Biography Of Euclid
Euclid (325 BC – 265 BC), a Greek Mathematician, is considered to be the “Father of Geometry”. His book ‘Elements,’ a mathematics textbook he wrote, remained an influential text until the 19th century and is still one of the most popular books in the world. It is a classic in the sciences, particularly mathematics. According to Michael H. Hast, Euclid is the 14th most influential person in history.
Euclid was born around the 4th century BC in Alexandria and was active during the reigns of Ptolemy I (332-383 BC). His name Euclid means “respected, glorious”. He is also known as Euclid from Alexandria.
The details of Euclid’s childhood are not available. The main biographical information, such as his birth date and age, was not published until many centuries later. Proclus c. 450 AD. Proclus wrote about Euclid.
“Euclid was not much older than Plato’s pupils. He put together the “Elements”, placing in order many of Eudoxus’s theories, perfecting many of Theaetetus’s, and also making irrefutable demonstrations of things that had only been loosely proven by his predecessors. This man lived during the age of the first Ptolemy. Archimedes who closely followed the first Ptolemy mentions Euclid. They also say that Ptolemy once questioned him about a shorter way to study geometry than using the Elements. He replied that there wasn’t a royal road to geometry.
It is possible that Euclid collaborated with mathematics experts in Alexandria, and received some assistance in his mathematical work. While some historians believe that Euclid’s works may have been the work of multiple authors, most agree that Euclid was the primary author.
Euclid would probably be studied at Plato’s Academy, in Athens. Much of his first knowledge would have come through this Plato perspective. Eudoxus would have taught Euclid a lot of geometry.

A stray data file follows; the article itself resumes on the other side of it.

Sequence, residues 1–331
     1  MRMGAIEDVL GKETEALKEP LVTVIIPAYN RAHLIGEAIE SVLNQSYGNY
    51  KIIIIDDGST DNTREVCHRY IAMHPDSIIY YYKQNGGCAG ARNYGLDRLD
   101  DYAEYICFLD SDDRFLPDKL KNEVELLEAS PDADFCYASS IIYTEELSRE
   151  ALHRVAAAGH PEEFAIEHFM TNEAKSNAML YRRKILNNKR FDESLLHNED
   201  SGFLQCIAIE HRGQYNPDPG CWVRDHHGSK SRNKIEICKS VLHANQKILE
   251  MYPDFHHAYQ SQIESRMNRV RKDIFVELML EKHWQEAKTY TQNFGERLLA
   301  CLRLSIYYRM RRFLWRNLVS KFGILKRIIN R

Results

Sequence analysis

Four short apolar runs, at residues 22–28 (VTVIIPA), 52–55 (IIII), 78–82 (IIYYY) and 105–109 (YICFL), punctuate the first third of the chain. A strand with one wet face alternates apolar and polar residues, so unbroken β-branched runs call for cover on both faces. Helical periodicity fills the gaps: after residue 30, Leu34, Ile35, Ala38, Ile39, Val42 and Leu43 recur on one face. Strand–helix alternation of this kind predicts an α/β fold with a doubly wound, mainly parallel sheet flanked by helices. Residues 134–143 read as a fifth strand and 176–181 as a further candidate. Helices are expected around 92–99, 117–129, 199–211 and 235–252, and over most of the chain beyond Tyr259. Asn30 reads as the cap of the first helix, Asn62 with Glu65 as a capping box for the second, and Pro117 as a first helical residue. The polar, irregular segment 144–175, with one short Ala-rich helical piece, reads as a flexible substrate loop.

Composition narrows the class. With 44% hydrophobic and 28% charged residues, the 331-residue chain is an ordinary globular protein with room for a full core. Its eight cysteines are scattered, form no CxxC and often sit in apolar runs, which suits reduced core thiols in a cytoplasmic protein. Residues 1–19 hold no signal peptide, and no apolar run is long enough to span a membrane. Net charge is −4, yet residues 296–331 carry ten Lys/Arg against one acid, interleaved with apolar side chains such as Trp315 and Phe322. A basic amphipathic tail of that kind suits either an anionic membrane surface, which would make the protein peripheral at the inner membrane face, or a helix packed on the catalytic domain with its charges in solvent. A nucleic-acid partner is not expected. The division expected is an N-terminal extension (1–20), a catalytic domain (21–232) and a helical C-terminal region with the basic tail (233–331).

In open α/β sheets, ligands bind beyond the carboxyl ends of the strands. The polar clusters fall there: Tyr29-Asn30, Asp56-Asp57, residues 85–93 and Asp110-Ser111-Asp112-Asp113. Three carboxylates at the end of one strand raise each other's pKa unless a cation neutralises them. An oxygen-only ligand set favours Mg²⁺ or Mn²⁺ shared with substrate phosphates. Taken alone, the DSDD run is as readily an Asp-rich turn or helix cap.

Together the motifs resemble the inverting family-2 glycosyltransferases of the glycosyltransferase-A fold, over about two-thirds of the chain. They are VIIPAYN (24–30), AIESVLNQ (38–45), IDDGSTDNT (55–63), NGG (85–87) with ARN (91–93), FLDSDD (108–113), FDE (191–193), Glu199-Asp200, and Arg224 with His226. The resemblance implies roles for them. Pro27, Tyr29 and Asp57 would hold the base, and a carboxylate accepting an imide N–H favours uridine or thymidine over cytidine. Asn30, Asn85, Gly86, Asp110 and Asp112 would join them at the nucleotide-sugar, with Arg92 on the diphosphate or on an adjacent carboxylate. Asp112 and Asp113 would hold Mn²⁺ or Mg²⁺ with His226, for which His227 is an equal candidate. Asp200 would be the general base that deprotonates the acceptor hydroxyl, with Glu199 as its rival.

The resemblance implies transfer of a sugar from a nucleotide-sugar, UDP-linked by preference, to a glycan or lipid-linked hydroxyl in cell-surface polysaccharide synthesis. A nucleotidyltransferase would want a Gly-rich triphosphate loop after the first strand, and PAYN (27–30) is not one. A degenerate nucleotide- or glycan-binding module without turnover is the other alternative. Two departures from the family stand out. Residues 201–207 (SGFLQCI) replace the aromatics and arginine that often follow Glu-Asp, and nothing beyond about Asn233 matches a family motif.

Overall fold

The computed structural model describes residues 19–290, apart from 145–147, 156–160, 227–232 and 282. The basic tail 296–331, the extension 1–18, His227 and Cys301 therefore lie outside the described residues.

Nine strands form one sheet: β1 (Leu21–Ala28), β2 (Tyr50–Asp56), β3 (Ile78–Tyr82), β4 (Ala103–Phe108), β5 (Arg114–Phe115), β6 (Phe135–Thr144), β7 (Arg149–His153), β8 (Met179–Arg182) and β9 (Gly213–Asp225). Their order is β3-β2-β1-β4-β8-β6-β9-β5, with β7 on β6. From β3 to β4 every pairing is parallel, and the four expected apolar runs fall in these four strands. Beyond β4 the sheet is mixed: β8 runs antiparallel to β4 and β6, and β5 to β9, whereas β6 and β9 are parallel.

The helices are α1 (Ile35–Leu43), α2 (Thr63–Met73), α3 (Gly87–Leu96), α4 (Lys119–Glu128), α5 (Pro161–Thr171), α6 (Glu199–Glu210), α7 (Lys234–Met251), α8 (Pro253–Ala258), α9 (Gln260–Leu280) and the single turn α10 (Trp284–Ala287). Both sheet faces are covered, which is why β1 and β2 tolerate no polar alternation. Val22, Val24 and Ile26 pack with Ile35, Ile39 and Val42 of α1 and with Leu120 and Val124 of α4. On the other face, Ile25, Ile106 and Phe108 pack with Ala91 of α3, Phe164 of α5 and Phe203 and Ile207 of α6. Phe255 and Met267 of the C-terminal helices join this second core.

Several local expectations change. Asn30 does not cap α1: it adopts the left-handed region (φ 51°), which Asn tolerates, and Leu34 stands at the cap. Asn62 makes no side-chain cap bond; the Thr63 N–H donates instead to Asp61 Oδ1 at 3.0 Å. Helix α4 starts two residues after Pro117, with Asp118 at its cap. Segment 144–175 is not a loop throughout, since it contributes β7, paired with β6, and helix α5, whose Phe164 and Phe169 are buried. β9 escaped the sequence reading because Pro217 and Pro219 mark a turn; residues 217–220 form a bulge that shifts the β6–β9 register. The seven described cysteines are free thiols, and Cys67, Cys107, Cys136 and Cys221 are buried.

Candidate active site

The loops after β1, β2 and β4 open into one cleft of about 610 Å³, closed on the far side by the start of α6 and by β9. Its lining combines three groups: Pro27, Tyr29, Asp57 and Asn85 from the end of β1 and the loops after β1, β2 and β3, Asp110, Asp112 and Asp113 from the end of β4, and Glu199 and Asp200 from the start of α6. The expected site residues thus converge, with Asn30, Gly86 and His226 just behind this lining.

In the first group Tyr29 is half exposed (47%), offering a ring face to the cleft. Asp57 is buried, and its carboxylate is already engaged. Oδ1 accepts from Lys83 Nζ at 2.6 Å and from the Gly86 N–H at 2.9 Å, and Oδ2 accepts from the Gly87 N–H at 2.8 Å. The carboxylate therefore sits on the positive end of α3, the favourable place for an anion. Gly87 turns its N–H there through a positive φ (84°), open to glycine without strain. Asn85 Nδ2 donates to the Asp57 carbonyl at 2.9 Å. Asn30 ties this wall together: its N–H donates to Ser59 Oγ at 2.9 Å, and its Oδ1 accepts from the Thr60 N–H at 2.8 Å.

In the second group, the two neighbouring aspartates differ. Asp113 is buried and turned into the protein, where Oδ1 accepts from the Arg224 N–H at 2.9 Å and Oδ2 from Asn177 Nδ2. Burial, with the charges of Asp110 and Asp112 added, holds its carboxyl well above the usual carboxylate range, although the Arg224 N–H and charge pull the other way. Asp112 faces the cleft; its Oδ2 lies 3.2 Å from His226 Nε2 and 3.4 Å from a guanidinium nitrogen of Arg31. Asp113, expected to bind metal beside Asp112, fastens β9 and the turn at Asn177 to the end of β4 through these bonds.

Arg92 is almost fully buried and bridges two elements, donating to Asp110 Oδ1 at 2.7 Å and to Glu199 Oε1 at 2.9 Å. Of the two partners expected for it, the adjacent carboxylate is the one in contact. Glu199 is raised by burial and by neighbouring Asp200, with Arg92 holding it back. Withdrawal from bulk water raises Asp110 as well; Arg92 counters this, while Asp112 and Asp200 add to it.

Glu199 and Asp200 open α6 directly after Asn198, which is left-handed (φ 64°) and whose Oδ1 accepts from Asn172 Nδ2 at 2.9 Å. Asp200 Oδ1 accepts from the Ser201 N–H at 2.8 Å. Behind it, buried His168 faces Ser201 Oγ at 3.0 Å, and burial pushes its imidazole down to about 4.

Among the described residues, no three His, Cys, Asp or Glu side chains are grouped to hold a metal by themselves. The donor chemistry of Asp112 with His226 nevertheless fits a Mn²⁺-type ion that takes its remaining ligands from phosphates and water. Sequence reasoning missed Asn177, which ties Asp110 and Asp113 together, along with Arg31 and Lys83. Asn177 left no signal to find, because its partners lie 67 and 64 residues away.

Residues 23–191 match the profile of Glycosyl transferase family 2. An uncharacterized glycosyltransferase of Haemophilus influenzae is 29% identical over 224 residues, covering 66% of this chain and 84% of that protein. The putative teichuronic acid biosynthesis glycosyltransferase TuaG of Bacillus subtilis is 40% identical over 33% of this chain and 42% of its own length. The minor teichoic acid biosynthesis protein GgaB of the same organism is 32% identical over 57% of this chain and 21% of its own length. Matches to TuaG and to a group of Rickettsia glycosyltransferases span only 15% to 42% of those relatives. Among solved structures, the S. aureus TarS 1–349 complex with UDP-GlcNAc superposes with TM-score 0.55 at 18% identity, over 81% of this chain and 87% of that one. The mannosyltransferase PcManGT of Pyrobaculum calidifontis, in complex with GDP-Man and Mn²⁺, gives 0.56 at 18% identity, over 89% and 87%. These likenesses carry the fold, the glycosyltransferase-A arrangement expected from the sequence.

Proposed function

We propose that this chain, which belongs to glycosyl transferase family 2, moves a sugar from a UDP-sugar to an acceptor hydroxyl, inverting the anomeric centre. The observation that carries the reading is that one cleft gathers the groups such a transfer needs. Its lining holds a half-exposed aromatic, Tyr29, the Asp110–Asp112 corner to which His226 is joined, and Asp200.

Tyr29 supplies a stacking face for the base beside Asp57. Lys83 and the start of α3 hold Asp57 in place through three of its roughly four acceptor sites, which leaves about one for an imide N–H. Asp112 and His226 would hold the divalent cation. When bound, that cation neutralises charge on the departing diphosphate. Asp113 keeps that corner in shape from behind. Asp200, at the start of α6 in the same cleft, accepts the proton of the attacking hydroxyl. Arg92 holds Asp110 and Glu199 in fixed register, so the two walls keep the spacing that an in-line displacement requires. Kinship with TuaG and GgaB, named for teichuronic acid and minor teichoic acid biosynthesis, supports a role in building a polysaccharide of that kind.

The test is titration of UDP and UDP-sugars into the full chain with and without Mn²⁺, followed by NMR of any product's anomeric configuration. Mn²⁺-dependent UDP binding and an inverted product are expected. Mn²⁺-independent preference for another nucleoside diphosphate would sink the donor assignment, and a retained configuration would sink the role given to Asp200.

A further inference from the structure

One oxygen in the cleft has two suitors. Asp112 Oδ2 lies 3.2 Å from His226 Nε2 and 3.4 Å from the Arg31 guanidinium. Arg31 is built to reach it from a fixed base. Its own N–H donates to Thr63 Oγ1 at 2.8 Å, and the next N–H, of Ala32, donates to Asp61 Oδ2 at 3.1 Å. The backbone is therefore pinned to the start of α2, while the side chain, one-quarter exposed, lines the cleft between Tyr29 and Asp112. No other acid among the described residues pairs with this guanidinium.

Biography Of Euclid
Another historian, Pappus, writes about Euclid in 320 AD. He states that Euclid was a good character and that Euclid was:
“..most fair and well-disposed towards all who were capable in any measure of advance mathematics, careful not to take offense and even though a precise scholar, not boasting himself.”
While little is known about Euclid’s private life, his major book the Elements’ which was originally written in ancient Greek became a standard text of important mathematical teachings. It is divided into thirteen books.
Books 1 to 6 deal with plane geometry.
Books 7 to 9 deal with number theory
Book eight is about the geometrical progression
Ten deals with irrational numbering
Books 11-13 deal with three-dimensional geometry.
Euclid’s genius was to combine the many mathematical ideas that were in circulation into one coherent, logical format.
The most important aspects of Euclid are:
His prime number of work
Euclid’s Lemma – This states that prime numbers must be able to divide the product of at least one number.
The fundamental theorem of arithmetic or the unique-prime-factorization theorem. Euclid’s Lemma states that any integer greater than 1 is either a prime itself or the product of prime numbers and that there is a definite order of primes.
“If two numbers are multiplied by one another, they make some number. Any prime number measures the product. It will also measure one of the original numbers.”
— Euclid, Elements, Book VII, Proposition 30
Biography Of Euclid
The Euclidean algorithm is an efficient way to compute the greatest common divide (GCD), of two numbers. It’s the largest number that divides both without leaving a remainder.
Geometry. Euclid described a system for geometry that dealt with shape, relative positions, and the properties of space. Euclid was the one who arranged geometry in axiomatic forms or logically derived theories. His work is known for Euclidean geometry.
Sometimes it is said that the Elements may be the most widely translated, published, and studied book in the West.
Some believe that The Elements by Euclid is the second most widely published, translated, and studied book after the Bible.
Euclid was not only an expert on the Elements but also studied other branches of mathematics.
Optics Euclid analyzed the apparent size and distance between the eye and an object. Proposition 45 stipulated that objects of equal sizes should be compared to one another at a point.
Phaenomena– A work on Spherical Geometry – Spherical geometry is used to observe objects in space and create measurements.
Divisibility of Figures– Divide figures into more parts.
Data– Examining the information given from geometrical problems.
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